Palm Pre Sprint’s pricing update and sales volumes
When Mobile Review’s Eldar Murtazin revealed $399 price for Palm Pre on Sprint network, he caused a lot of discussion and even more questions in the mobile blogosphere.
Is $399 price tag for Palm Pre smart or stupid decision, given that it’s main competitors – iPhone and Blackberry Storm are selling for $199? Was the quoted price for a contract or contractless phone? Is this price real at all?
Well, today Mobile Review has published a much needed clarification and also revealed some more interesting details about initial Palm Pre’s sales volumes and strategy plans.
The earlier quoted $399 price for Palm Pre was actually for a handset without contract on Sprint. And it is only one of the possible price points Palm is contemplating. Another one is $499 for a phone without contract. So when Palm Pre starts shipping on Sprint in summer of 2009, the actual pricing should be either $399/$149 or $499/$199 for no-contract/2-year contract Pre. However, the final decision will be based on the competitive landscape, when the next gen iPhone and Storm devices will make their appearances around that time.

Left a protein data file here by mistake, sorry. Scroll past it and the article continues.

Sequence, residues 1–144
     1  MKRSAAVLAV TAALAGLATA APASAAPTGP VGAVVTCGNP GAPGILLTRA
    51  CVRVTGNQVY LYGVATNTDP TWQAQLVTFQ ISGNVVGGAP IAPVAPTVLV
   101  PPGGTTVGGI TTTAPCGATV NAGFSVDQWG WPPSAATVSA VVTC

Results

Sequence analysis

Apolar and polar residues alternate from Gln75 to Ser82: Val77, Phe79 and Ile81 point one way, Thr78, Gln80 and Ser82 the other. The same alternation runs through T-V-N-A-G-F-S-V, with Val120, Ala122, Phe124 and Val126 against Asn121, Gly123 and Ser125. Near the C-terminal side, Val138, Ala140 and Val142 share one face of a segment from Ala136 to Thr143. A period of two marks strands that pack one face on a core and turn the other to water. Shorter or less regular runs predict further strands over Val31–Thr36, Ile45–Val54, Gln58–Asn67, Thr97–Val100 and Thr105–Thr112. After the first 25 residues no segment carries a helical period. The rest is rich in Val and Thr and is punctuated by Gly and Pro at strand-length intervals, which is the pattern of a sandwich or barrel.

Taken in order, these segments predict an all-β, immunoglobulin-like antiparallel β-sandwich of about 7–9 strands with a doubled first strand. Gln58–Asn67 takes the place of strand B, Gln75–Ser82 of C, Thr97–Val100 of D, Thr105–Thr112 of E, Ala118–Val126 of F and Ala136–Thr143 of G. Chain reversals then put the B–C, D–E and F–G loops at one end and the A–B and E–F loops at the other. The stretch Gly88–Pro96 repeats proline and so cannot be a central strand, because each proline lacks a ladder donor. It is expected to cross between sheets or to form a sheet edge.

There’s another interesting news tidbit in Mobile Review’s article on Palm Pre. It seems that the initial production run of Palm Pre devices for Q3 will be limited to 200 000 units. That is because only a limited amount of non-standard display panels for Palm Pre is available for now. Palm expects to start ramping up the production volumes heading into Q4 and holiday season. With the expectation that a very positive reception of the handset, combined with the shortages will fuel the demand as production volumes increase.
As for the Palm Pre getting to Europe and onto other networks in the U.S., it will all also depend on how Palm Pre is received on Sprint. If there is a huge demand there, only several key European markets will get the new handset and in a very limited volumes as well. And other U.S. operators will have to wait for a while for their own Pre device.
If Palm Pre flops on Sprint, then you can expect it appearing in many other countries and U.S. networks pretty soon.
Via Mobile Review